Montpelier voters, clearly motivated by the Democratic presidential primary, turned out in large numbers for the annual city meeting Tuesday to easily approve every budget and article on the ballot.
Despite the lack of hotly contested city races or big-ticket bond measures 3,623 voters cast ballots, roughly 56 percent of the total checklist, unofficially. The vast majority of those chose Democratic primary ballots and sent Vermont Sen. Bernie Sanders to victory with 1,728 votes, representing 56 percent of Democratic ballots cast. Massachusetts Sen. Elizabeth Warren was second with 765 (25 percent) and former Vice President Joe Biden received 560.
While 3,407 voters cast Democratic ballots, 216 took Republican ballots with President Donald Trump receiving 149 votes to 61 for former Massachusetts Gov. William Weld. Rocky De La Fuente got 6.
City and school budgets passed easily, as did all of the other spending articles. The closest margin was the request for $270,000 in capital reserves to fund improvements in the city schools. It passed 2,195-1,034. Money was also approved for the Kellogg-Hubbard Library ($350,471); the Central Vermont Public Safety Authority ($23,500); and Central Vermont Home Health and Hospice ($23,500).
The combined municipal, school, and agency spending will result in a $266 property tax increase on a home valued at $200,000.
Ericson Takes Council Seat
There were two contested races on the ballot highlighted by a three-way competition for an open seat in District 3 for City Council. Jay Ericson, a key volunteer in the complete rebuild of the Union Elementary School playground, defeated Gene Leon and Bruce Sargent, 518-210-189, respectively.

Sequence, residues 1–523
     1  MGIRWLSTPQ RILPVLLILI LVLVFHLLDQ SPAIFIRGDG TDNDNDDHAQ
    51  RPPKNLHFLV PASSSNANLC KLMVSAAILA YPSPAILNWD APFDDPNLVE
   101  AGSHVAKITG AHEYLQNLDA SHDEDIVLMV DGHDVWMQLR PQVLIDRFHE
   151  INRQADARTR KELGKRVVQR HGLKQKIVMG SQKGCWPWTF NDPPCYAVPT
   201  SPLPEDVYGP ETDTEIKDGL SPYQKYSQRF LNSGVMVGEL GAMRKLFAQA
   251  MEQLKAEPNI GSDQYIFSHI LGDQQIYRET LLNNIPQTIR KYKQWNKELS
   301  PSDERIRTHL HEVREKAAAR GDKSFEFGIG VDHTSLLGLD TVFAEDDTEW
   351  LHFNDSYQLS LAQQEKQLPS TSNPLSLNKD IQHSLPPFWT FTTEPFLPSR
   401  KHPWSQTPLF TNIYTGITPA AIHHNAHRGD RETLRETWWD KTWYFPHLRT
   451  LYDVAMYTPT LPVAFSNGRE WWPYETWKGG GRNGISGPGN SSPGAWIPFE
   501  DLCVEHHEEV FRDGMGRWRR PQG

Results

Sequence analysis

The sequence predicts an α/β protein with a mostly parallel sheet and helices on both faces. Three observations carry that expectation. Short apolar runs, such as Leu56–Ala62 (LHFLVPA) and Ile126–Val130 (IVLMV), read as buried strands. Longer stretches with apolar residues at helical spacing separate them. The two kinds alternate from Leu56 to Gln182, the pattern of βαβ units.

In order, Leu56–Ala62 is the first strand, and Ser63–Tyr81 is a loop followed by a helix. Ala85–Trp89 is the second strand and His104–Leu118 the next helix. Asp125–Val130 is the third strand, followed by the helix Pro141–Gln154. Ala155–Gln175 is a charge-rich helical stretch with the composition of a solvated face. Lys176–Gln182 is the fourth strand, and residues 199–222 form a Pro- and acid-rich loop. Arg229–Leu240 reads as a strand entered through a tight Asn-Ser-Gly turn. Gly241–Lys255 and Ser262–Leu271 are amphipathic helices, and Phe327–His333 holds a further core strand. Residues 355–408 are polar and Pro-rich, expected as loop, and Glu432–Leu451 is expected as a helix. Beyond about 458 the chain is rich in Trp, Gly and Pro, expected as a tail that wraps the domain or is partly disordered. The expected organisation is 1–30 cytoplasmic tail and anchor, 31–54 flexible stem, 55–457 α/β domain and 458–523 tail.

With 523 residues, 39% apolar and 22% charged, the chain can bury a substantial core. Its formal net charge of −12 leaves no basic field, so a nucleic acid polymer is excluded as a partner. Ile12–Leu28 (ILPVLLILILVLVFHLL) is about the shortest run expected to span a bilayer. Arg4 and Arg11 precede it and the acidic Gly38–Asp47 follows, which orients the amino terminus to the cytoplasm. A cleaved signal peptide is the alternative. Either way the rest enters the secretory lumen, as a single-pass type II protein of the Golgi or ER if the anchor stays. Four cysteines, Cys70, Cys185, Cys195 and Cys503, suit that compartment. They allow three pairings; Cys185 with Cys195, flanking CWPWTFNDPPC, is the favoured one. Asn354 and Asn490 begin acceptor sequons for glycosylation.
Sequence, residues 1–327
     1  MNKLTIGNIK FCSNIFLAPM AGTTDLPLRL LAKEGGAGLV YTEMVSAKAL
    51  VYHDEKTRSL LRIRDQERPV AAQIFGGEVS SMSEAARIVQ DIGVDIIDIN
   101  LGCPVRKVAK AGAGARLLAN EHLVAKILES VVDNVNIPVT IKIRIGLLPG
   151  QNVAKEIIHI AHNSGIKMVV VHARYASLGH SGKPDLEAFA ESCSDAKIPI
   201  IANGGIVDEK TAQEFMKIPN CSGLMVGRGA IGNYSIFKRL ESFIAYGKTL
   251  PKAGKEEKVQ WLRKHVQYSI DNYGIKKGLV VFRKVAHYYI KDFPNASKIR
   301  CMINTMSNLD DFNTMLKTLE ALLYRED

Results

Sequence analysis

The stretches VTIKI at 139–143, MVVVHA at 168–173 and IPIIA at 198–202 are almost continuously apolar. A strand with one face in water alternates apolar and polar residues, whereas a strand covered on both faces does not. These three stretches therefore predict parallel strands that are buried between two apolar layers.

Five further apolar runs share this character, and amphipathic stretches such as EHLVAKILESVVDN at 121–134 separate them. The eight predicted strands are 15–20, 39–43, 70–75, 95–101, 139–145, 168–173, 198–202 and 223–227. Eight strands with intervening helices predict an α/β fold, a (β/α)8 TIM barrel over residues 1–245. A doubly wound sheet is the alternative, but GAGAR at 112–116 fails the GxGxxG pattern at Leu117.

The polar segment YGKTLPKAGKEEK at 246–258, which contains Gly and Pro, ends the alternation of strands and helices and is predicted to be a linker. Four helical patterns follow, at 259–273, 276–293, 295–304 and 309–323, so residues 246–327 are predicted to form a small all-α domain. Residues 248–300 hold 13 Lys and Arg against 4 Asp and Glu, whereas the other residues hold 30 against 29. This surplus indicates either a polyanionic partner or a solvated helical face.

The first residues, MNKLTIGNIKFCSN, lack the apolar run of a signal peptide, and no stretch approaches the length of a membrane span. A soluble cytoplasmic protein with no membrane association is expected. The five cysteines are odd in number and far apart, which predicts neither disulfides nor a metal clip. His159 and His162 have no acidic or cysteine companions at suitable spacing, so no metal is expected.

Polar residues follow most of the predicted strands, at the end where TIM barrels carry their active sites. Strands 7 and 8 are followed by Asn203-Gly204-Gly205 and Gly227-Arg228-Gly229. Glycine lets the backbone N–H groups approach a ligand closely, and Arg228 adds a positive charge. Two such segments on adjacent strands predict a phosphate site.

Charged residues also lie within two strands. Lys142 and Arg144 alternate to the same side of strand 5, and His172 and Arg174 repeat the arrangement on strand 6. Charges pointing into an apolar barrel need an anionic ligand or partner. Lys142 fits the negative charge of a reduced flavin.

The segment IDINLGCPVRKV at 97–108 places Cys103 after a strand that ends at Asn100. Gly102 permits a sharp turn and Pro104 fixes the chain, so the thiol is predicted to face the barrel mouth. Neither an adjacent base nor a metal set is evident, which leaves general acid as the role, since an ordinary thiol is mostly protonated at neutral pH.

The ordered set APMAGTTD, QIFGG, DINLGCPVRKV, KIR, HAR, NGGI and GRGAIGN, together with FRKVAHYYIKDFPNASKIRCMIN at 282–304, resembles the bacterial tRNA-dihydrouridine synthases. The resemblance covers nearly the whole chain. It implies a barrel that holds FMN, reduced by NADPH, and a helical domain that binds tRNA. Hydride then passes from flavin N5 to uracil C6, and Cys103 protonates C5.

In the other contested race, Linda Berger defeated Andrew Penniman, 1,553-956, for a four-year seat on the Cemetery Commission.
Incumbent Mayor Anne Watson scored 3,046 votes in an uncontested bid for a second term. Incumbent City Councilors in District 1 Dona Bate (852 votes) and District 2 Conor Casey (974) were re-elected without opposition. Daniel Richardson, who was appointed in December to replace Ashley Hill in District 3, was unopposed in winning the right to complete the last year remaining in Hill’s term.
“I’m grateful for the support of the voters in Montpelier,” Watson said. “Since I had no opponent, I knew I would win, but I was surprised and delighted to see that I broke 3,000 votes. I’m thankful for the opportunity to lead the council for another two years, and I’m looking forward to getting into the work!”
Three candidates were running for three seats on the Montpelier-Roxbury Public Schools director with Jill Remick winning 2,129 votes, followed by Board Chair Jum Murphy (1,984) and Aniket Kulkami (1,930). Mara Iverson, who was also appointed to fill a vacant seat, won 2,486 votes to complete the last year of that term. Shelley Quinn beat Brent Householder, 72-30, in a write-in contest for School District Treasurer and Tammy Legacy was unopposed for School Clerk.
Look for more on the annual city meeting in the March 12 edition of The Bridge.